Surviving the Holidays

Why wait until New Years to make the resolution to make positive changes in your life and take your health into your own hands?  With the enormous amount of excess calories available around the holidays, it is no wonder that studies have shown the average American could gain about a pound between mid-November and mid-January.  Those who are already overweight  and obese gain more weight than those who are healthy weight.  This is a troubling statistic considering the deliciousness you will find around the Christmas table is not going away anytime soon.  So what can we do about this?

There are many surviving the holiday guides out there, and I am sure you may have read the countless articles where the advice is restricting what you eat on holidays, and only taking a small spattering of high caloric foods.  This allows you get a taste, but not a lot of the calories. I am sure, if you are like me, these hyper-palatable foods trigger impulses in your brain, and any strategy going in, quickly fall amongst the wayside. This impulse to eat  these calorically dense foods when they are available is part of our DNA. We can do our best to curb these impulses, however, but chances are, at the holiday table, the battle is lost.

So what are alternative strategies?  I always like to take a step back and look at the big picture.  In December there are 31 days. Four of these days (Christmas eve, Christmas Day, New Years Eve, and one Christmas Party)  should be the go crazy and let the dogs out days where we let our primordial selves come out as we go on a food/beverage binge.  That leaves 27 days that we can shift our focus on to actually make a big difference. So, what can you do?

The focus of every non-holiday meal should be eating nutrient dense, non-processed foods.   Some easy strategies are

  1. Start your day with protein. 30 grams of protein within 30 minutes of waking up.  Protein should be the center piece of your breakfast, not an accompaniment. Eat your eggs (whole thing, yolk and all. Eggs are not bad for you), or Greek Yogurt, or protein smoothy, etc.  Just get your protein in.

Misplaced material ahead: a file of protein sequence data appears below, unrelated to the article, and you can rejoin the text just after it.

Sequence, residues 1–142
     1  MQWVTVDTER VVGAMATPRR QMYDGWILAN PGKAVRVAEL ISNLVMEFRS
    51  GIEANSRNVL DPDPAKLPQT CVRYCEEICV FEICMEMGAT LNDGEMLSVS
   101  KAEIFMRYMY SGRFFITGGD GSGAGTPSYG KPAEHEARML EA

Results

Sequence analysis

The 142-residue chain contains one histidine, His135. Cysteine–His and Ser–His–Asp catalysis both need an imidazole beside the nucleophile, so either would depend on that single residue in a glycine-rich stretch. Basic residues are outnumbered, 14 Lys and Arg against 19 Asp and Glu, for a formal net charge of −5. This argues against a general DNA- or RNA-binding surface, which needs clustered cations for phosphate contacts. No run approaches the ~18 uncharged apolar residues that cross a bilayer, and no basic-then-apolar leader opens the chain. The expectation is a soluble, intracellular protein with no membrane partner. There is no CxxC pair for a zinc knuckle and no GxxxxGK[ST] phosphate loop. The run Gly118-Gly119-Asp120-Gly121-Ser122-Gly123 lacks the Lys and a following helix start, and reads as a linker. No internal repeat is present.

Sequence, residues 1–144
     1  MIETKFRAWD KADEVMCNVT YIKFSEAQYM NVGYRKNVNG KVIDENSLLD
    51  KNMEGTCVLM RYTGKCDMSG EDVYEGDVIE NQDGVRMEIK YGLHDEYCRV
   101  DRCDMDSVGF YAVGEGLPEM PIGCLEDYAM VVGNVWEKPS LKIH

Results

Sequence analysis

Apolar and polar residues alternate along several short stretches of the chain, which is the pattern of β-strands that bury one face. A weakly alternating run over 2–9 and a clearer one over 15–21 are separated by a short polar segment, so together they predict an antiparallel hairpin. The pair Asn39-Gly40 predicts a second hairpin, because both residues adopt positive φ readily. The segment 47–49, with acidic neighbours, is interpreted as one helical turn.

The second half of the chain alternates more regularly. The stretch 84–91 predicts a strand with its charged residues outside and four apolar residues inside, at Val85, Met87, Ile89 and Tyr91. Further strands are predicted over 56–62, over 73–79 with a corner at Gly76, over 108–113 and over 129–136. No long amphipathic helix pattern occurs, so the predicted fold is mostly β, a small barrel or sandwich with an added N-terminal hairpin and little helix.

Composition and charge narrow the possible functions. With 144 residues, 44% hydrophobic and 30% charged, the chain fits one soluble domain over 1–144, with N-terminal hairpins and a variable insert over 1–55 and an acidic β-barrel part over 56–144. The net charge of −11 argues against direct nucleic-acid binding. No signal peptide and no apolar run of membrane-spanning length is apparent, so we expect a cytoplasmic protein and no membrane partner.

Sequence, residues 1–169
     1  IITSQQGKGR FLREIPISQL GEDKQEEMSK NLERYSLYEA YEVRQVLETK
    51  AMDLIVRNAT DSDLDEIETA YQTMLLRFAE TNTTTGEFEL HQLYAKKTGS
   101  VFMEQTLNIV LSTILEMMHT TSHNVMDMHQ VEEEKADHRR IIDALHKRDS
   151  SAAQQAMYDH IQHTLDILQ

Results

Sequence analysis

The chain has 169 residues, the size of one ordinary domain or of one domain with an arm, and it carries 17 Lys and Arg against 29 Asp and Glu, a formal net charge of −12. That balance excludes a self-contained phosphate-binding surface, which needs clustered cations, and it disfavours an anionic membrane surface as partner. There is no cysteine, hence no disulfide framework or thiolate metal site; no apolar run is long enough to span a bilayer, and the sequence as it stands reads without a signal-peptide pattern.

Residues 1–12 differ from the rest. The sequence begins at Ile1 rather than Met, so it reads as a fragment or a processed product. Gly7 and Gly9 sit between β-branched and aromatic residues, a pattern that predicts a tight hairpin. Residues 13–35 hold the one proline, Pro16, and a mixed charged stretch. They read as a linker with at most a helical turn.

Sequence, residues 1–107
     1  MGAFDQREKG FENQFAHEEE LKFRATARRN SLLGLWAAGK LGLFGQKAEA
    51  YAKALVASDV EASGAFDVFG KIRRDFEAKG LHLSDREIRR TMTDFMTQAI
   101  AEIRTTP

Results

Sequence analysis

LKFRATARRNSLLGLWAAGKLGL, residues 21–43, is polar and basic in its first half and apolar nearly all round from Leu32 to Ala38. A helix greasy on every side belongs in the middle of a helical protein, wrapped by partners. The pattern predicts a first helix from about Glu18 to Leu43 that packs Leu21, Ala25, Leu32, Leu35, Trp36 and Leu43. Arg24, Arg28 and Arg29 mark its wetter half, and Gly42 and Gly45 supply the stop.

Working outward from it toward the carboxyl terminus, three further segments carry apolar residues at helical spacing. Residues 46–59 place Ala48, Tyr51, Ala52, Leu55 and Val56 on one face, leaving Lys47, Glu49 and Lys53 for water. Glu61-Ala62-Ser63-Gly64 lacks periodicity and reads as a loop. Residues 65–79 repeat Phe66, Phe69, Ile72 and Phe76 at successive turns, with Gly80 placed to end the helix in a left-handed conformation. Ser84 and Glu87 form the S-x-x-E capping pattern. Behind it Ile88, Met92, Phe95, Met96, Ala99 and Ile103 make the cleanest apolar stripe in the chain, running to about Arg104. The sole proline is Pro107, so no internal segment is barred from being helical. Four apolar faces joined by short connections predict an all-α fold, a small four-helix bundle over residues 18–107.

2. Eat protein at every meal.  Protein is satiating, and is self limiting in how much you can consume.  Protein also is the only thermogenic macronutrient, which means, you burn calories to digest it.  You cannot eat to much lean protein, the more you eat, the more calories you burn and when you meet your bodies protein requirement, it becomes 100% thermogenic.  Studies have shown, as long as no underlying kidney disease, you can eat as much as you want and it is safe, so all the old wives tales about bad things happening are not substantiated with science.
  3. Fill the rest of your plate with ample amounts of  non-starchy vegetables. Accompany this with a small amount of healthy fats (This is an entire separate article) like avocados, olive oil, nuts or nut butters, and organic butter.  
  4. If you need to snack, nut butter and apples or celery, some low glycemic fruit, whole fat dairy like plain yogurt or cottage cheese.  Sometimes a glass of water is enough to curb your hunger because you are not really hungry, just bored!
  5. If you must have a sandwich instead of a salad or meat and veggies, use sourdough bread, or a very non-refined whole grain bread,
  6. Stay away from anything refined or greatly processed.  Stay away from boxes. Look to see if something in a package has sugar added.  If it does avoid at all costs.
  7. Drink water, seltzer, tea, or coffee without sweetener or use something natural like stevia if you must. A small splash of heavy cream in coffee gives both sweet and creamy taste if you are a milk and sugar person.  
  8. Resist the daily temptations around you so you can enjoy the indulgences when they matter!

Exercise every day.  

  1. Hit the gym!  Get a workout in
  2. Try to be active during the rest of the day.  Days you don’t come to the gym, 30 minutes of moderate exercise a day is the minimum.  Stay active for 30 minutes.
  3. Spend any extra time stretching.  
  4. If you sit at a desk all day? Every hour take a bathroom break.  Get up from your seat and walk around for a few minutes.

Sleep!  Arrange your life so you get 7-8 hours of sleep a night.  Less than this makes your body store body fat more. It also makes you less likely to exercise because you are tired, and less likely to make smart eating choices because your brain is tired.  

Twenty seven days of living like this in between your days of excess should leave you more energetic, and in a better frame of reference to “attack” the holidays and the holiday table.